ANKARA. — The Turkish government yesterday ordered the sacking of more than 2 700 people working in public institutions over alleged links to “terror” groups, in the latest round of purges since last year’s failed coup.
In a separate emergency decree, the country’s defence procurement agency was ordered to answer to President Recep Tayyip Erdogan instead of the defence ministry, in a move widely viewed as a further expansion of his powers.
Turkey’s intelligence service (MIT) also came under Erdogan’s control in August.
A total of 2,756 people including academics, soldiers and military personal were removed from different bodies including the interior, foreign and defence ministries, according to the Official Gazette.
All those dismissed were either members of “terror” organisations or had links to structures which were acting against national security, it said.
17 Turkish institutions were also ordered to close, including two newspapers and seven associations.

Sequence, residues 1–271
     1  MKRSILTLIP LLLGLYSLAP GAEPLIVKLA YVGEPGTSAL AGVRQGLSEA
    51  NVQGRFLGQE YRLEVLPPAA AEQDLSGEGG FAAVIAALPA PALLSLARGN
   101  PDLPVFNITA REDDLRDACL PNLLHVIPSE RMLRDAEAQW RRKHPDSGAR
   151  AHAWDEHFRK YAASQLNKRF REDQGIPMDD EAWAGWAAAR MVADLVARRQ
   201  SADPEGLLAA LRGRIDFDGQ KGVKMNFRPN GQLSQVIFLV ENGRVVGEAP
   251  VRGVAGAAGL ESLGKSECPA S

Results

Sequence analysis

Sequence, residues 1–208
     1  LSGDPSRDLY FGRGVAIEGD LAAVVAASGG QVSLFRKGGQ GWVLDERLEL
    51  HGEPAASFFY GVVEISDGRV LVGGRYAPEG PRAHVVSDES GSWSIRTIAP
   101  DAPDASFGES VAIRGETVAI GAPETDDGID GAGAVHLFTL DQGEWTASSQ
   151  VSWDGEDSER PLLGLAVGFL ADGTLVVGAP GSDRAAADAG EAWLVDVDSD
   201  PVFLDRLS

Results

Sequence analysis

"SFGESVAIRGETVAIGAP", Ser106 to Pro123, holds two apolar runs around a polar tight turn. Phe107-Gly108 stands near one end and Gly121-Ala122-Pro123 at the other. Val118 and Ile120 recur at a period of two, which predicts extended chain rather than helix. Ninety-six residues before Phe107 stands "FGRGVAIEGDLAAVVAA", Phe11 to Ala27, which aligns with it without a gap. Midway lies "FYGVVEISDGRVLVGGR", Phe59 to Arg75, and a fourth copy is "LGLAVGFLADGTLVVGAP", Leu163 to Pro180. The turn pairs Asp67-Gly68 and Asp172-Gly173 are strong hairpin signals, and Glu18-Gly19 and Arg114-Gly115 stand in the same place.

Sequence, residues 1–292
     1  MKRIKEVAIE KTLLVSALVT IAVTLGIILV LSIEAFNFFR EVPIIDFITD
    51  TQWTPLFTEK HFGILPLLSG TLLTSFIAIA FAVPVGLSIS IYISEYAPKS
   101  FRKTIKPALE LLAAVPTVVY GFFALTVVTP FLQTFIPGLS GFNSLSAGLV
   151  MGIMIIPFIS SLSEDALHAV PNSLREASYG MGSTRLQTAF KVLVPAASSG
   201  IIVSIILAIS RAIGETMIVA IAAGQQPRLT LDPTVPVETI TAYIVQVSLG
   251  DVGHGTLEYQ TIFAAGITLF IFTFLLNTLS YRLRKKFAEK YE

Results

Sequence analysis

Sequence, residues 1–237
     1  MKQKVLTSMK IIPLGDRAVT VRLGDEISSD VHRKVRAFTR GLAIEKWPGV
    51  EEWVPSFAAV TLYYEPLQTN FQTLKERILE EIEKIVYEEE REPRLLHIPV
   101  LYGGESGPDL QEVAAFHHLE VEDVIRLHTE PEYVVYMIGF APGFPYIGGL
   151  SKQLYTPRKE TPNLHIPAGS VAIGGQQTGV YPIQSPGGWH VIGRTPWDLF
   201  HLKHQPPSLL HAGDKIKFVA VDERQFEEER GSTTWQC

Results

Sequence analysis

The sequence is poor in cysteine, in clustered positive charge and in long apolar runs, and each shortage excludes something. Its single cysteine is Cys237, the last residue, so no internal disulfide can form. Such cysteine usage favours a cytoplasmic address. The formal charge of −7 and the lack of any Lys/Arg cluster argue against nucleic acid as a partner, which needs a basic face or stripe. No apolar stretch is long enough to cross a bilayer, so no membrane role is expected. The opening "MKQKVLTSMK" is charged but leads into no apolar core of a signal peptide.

More than 140,000 people including judges, lawyers and academics have been sacked or suspended since a failed coup in July last year, while some 55,000 people have been arrested over suspected links to US-based Islamic cleric Fethullah Gulen and the coup attempt.
Turkey claims Gulen and his Hizmet (service) movement, which it calls the “Fethullah Terrorist Organisation”, ordered and conducted the attempted coup.
Gulen, who’s lived in self-imposed exile in Pennsylvania since 1999, denies any links to terrorism and the failed putsch. Erdogan, who has also accused Gulen and his followers of infiltrating state institutions, has said the sackings were necessary to remove what he called the “virus” of Gulen’s influence from state bodies.
Critics accuse the government of using state of emergency legislation to target its opponents, including opposition journalists and pro-Kurdish critics. — AFP.